Curated by Hank Shaw, a Xerox contributor

There’s a goldmine of information in medical documents.

Scientific publications. Clinical guidelines. Reports on clinical trials. Not to mention patient records, epidemiological studies and clinical notes.

Every day, this mountain of knowledge grows larger. So does its potential to advance the field of medicine and improve the lives of patients around the world.

But there’s a problem.

This article was first published in Real Business, a website from Xerox that provides ideas and information for decision-makers in business and government.

This article was first published in Real Business, a website from Xerox that provides ideas and information for decision-makers in business and government.

Much of this valuable intelligence is contained in countless unstructured text-based documents. So it’s virtually impossible for medical researchers and clinicians to keep up with the explosion of information by reading and annotating every page.

Now for the good news. New technologies for natural language processing can unlock the information in these documents. Going far beyond the limitations of keyword searches, they can analyze text, extract information, automatically find important connections and correlations, create structured databases, and even find subtle shifts in language associated with new discoveries and results.

Here are five ways these powerful tools can make a big impact on the field of medicine and clinical care in the months and years ahead.

1. Advance the cause of medical research. With help from advanced text analytics and smart information extraction tools, researchers can quickly analyze a huge volume of scientific documents and discover hidden correlations that can lead to new discoveries and treatments.

Take the fast-growing fields of genomics and phenomics, for example. Advanced text analytics can detect references to gene protein interactions contained in scientific papers, and even create a comprehensive map of interactions. These technologies can also help researchers search through large-scale epidemiological studies to find links between diseases and specific genes.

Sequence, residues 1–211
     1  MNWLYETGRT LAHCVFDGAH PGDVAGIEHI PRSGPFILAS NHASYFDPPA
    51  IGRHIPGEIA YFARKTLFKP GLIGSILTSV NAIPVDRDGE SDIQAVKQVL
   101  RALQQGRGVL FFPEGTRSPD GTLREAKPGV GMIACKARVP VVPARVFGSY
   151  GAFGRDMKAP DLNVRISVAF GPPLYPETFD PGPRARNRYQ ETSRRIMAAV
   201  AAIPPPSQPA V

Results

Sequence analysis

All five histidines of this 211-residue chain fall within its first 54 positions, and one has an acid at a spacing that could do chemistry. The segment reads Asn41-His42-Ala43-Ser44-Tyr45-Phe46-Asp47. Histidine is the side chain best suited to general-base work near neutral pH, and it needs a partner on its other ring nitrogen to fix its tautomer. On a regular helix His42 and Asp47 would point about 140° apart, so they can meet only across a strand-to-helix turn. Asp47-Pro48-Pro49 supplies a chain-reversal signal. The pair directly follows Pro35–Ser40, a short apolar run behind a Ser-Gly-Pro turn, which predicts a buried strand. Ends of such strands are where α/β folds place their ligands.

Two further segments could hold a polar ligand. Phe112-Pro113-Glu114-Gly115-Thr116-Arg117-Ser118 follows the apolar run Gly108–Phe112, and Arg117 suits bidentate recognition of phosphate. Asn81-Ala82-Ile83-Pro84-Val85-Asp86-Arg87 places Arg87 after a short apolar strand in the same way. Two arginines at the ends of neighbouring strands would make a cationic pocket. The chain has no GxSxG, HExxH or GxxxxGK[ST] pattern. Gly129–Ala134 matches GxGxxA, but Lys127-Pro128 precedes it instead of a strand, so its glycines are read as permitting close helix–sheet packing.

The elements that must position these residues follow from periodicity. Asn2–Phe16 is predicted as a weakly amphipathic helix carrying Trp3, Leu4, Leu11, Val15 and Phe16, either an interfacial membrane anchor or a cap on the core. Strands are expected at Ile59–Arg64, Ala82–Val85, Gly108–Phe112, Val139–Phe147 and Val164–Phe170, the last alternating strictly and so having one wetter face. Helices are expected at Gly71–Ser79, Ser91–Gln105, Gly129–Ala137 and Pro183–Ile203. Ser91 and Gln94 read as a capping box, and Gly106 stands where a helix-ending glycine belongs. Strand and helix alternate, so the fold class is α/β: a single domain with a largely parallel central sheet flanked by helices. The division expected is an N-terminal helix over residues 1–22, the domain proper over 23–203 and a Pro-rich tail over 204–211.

2. Keep critical databases up to date. Natural language processing tools are so advanced today that they can detect ‘paradigm shifts’ in syntax and semantics often associated with new findings and discoveries. Take this phrase for example: “…a new experiment has demonstrated that molecule X is no longer…”

By finding similar phrases in scientific papers and medical research documentation, these technologies help experts quickly identify important new results. It dramatically simplifies the task of keeping critical medical research databases up-to-date.

3. Help hospitals reduce errors and manage risk. Automated language processing tools can sift through an enormous variety of clinical documents to find information associated with errors or risks. In a pilot project in France, an automated system designed to detect hospital-acquired infections in discharged patients was accurate in 87 percent of the cases.

 4. Improve clinical guidelines. Automated language technologies can also be used to mine clinical literature and propose changes and improvements to the experts who manage clinical guidelines. As a result, they help bridge the gap between medical research and medical care.

5. Facilitate the enrollment of patients in clinical trials. Language processing tools can even analyze patient eligibility criteria and find suitable matches in patient records, expediting the enrollment process for clinical trials.

Bottom line? Text-based documents play a vital role in medicine and healthcare. But the proliferation of these documents makes it difficult for experts to maximize the use of the valuable information they contain.

With help from automated text-mining tools and other natural language processing te

chnologies, however, researchers and clinicians can deal with the explosion of information in their fields and find new ways to advance the cause of medical research and clinical care.

Now, isn’t that a healthy development?

Based upon the article “Medicine Leans On Natural Language Technology to Advance Science and Improve Patient Care,” authored by Xerox Research Centre Europe (XRCE) researcher Caroline Hagège, and Denys Proux, an XRCE project manager.

 

It is from a series of articles from XRCE researchers that celebrate the lab’s 20th anniversary.